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Discussion Starter · #1 ·
I am interested in getting an older Porsche as a hobby / weekend car. This would not replace my Cayman which I plan to keep.

I spent a lot of time researching 914s and have sorta given up on that. Still if one comes up that looks good, I might grab it.

So that leaves, most likely, a 911 - maybe 1980s version SC, or C2 or 964, etc.

Or maybe a 928 or 924 / 944.

Any hints, tips, experience anyone can relate? Waste of money or worth it?

Thanks,
 

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All of those cars are fun to drive (I am partial to the 914), the problem is finding one that has been properly taken care of, doesn't have any hidden rust, and that is being honestly represented by the seller.

You did not include the 356 in your list. The original "vintage" Porsche. But they have gotten ridiculously pricey over the past decade and it is harder and harder to find good mechanics.


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My suggestion: ask and ask, some 911 years were better than others, air cooled cars had some issue with pre G50 trannies, also issues with valve adjustments, there's a wealth of info here from previous air cooled owners, also try:

Technolab/PedrosGarage: Porsche PPI, Porsche Service, Performance Parts

Pedro can steer you in the right direction, he's a very nice gentleman, and very honorable.

I've been mulling a 911 project myself, I was leaning toward an 89-90 vintage, non turbo car.
 

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I have thought about getting a 964 or something earlier. GT Porsche magazine have some great buyer articles.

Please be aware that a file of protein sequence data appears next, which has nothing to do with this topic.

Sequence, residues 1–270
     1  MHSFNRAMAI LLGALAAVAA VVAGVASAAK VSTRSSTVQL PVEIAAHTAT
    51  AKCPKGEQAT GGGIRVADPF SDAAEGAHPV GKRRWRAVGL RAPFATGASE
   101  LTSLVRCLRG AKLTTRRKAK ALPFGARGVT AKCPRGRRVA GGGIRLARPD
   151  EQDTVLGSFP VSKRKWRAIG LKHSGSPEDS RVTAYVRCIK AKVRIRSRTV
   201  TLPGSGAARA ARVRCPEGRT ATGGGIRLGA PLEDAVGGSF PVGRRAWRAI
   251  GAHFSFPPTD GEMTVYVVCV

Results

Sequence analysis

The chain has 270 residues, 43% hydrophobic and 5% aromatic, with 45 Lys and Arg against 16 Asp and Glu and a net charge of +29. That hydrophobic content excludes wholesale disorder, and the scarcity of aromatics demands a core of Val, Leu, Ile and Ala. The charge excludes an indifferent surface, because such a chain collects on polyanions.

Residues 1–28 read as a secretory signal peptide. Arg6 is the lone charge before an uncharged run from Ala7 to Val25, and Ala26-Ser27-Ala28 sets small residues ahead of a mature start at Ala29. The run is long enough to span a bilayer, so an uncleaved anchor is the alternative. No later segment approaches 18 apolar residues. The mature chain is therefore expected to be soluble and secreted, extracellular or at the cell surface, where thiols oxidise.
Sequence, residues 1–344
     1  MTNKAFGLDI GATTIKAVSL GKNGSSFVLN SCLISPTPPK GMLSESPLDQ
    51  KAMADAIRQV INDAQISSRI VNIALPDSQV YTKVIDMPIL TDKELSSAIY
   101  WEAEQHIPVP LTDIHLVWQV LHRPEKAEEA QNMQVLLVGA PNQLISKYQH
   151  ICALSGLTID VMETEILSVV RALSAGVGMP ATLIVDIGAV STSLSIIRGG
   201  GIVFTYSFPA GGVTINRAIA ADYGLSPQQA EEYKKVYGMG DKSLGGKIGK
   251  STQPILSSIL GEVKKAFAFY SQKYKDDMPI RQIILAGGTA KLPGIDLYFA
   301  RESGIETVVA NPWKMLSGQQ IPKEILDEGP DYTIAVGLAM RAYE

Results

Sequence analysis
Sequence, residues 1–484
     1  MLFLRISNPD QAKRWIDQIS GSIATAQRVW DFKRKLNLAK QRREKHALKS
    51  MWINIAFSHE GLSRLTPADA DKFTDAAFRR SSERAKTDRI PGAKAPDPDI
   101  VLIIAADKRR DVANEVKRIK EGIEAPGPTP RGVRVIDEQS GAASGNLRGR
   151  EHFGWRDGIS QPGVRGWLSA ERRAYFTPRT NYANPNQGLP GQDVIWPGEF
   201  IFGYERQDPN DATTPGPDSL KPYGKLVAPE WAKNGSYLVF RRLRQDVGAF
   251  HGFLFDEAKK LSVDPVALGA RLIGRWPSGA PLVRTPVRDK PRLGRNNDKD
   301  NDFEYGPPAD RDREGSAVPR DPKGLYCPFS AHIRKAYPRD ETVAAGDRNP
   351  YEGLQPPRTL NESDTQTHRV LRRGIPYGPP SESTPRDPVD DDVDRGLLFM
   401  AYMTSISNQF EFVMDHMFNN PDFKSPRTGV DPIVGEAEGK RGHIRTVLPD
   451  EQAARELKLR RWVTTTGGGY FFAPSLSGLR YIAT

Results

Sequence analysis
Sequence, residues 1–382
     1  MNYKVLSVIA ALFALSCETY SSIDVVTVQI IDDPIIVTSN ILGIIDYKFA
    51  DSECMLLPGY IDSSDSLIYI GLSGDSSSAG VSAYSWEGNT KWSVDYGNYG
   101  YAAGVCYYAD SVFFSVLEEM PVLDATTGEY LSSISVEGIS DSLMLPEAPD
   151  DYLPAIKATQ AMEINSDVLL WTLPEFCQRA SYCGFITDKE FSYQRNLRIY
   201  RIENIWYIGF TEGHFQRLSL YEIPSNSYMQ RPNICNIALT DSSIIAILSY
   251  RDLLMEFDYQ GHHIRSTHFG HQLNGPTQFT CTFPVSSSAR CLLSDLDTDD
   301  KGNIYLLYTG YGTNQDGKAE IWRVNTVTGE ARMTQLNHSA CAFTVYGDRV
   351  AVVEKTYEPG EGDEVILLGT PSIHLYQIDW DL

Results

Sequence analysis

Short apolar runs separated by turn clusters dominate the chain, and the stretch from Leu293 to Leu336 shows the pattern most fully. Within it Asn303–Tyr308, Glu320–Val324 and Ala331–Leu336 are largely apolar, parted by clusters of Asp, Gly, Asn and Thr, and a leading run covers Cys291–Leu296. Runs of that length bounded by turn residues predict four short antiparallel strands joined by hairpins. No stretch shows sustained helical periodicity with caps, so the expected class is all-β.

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In any 30 year old car the individual car condition makes all the difference That said- most SCs have long ago had the design flawed clutches and lack of chain tensioner oilers fixed- the later ones and Carreras all had improvements. The 911s grew heavier and more complex and crowded in the engine compartment through the 80s and 90s, but also more comfortable, more capable and far more powerful. They are fun to work on - and to make sure you have lots of fun they require more servicing than new cars.

I had a 914 2.0 for a 3 years a 74 911S for 2 and a 78 9911SC for 30. I think everyone should have one at some point. It was "just right".
 

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You just need to plan to spend A LOT of time finding the right car, no matter what your definition of "the right car" is.

I have started down this path a couple of times, and never found the right car at the right time. The last time was a couple of years ago, and I was trying to find an 87-89 cab. Willing to spend top dollar (low $30s) for a "near perfect" car.

The beginning of Nov. 2011 the "perfect" cab was at the monthly Atlanta Cars and Coffee. I had seen it on line, but had just lost interest in the chase and had decided to get the GLK in the meantime. One of my best friends took it for a drive that Sunday morning, and bought it the next week. A great car (he still has put about $3,000 or so into it), owned by a well know local "356" guy. So, I get first right of refusal if he ever decides to sell it.